The Bush administration has concluded the U.S.-led “decapitation” attack failed to take out Saddam Hussein, but an Iraqi opposition leader claims a higher authority already got the job done.
Moslem al-Asadi, a doctor living in exile in Iran, said he believes the real Saddam died in 1999 from cancer.
“The real Saddam died because he had cancer of the lymph nodes, and since his death in 1999 they’re just showing his doubles,” he told the Italian newspaper Corriere della Sera.
In a plot reminiscent of the Hollywood tale of a body double subbing for an incapacitated American president titled “Dave,” al-Asadi claims Saddam’s sons, his first wife and Deputy Prime Minister Tariq Aziz run a scheme to keep the truth under wraps using three doubles. Al-Asadi alleges Saddam’s younger son, Qusay, actually holds presidential authority.
Israeli television Channel 1 has reported that Saddam Hussein has handed over command of Iraq’s western territory to Qusay.
The absence of live messages by the Iraqi leader since coalition airstrikes crushed the residential compound, in which he was believed to be with his sons, has fueled speculation of his demise.
Hours after the initial attack, Saddam appeared on state-run television, wearing a beret and his reading glasses, and read from a prepared text urging Iraqis to resist the invaders and draw their swords.
Saddam Hussein giving televised speech
“The criminal little Bush has committed a crime against humanity,” Hussein said. “Let the arrogance be debased. Long live Iraq, long live jihad, long live Palestine.”
Days later, Iraqi state television showed footage of him chairing meetings with top officials.
But U.S. and British intelligence suspected the footage was prerecorded prior to the attacks.
As WorldNetDaily reported, British intelligence in Cheltenham intercepted an urgent call Saturday suggesting that Saddam is still alive in a secret hideaway in Baghdad but required medical intervention the Iraqis could not provide.
“They said he was not critically injured but demanded urgent treatment because he had lost blood and could get worse. This regime wouldn’t go to that trouble for anybody else – including members of his family,” an official told the British daily The Sun.
Yesterday, Saddam again appeared on Iraqi television giving a speech and meeting with Qusay.
He referred to his “brave and heroic people” and referenced commanders and their locations, including the port of Umm Qasr, taken by coalition forces amid stiff Iraqi resistance.
Despite the reference to Umm Qasr, British intelligence thought the broadcast may have been prerecorded.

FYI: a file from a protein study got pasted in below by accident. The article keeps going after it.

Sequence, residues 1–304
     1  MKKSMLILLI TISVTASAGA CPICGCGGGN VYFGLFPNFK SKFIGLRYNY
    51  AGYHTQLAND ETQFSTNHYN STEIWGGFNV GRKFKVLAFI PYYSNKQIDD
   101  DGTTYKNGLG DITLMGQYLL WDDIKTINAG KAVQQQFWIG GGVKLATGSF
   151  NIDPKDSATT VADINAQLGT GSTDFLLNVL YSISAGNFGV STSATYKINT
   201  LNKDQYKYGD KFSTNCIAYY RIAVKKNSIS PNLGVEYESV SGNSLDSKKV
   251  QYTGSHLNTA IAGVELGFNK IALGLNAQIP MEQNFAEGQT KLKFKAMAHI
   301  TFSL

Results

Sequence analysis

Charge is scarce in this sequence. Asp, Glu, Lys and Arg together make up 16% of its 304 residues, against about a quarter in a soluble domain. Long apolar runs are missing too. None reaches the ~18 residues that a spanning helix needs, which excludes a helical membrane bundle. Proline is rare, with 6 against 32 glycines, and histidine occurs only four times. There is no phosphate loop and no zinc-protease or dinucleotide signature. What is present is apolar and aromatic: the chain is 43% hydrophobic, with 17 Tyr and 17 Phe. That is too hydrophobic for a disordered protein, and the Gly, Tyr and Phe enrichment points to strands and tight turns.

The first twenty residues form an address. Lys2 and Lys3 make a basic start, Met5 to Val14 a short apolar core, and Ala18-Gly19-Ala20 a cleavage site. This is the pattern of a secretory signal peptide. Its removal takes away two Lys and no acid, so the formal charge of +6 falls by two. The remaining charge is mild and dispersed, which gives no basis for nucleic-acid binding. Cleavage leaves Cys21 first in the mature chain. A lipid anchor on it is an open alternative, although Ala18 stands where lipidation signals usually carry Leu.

“We are well aware that he spent many hours recently tape-recording various messages. We have to do a little more analysis of what he was actually saying to see whether or not that in fact was Saddam Hussein,” British Defense Minister Geoff Hoon told reporters.
White House spokesman Ari Fleischer echoed the suspicion.
“I think there are some doubts about whether that tape is canned or whether it’s fresh and based on recent events. It would not be a surprise if Saddam Hussein had some time ago put in the can numerous statements designed to be released later,” he said.
But the Washington Post reported that because Hussein seemed assured and so much his old self that the CIA decided it didn’t have to analyze the voice to confirm his identity, and senior Bush administration officials believe the message was taped after Thursday’s attack.
“The voice is easy to simulate and doubles constantly study video and audio records,” argued al-Asadi.
The exile maintains the footage purported to be Saddam Hussein provides the evidence to support his claim that look-alikes are all that remains of the dictator.
Specifically, Saddam has big, oval ears but one of the doubles’ ears are flat and lack the special bend in Saddam’s. Al-Asadi also said Saddam has an overbite, but one of the doubles doesn’t have such a defect. While Saddam has wide and strong shoulders, those of two doubles are narrow and almost sloping. Saddam has big hands, said al-Asadi, while one of doubles has small hands. Lastly, a second long finger of one of the doubles doesn’t match that of the real thing.
Corriere della Sera reports the testimony of former doubles corroborates al-Asadi’s thesis.
Longtime bodyguard Saddam Michael Ramadan in 1979 wrote in the book “In Saddam’s shadow” that the Iraqi leader was so ill he was dependent on pain killers, according to the newspaper. Ramadan is reportedly now under the protection of the CIA.
The paper quotes another former bodyguard, who fled Iraq for Israel two months ago as declaring, “Saddam whom you now see, was photographed some years ago.”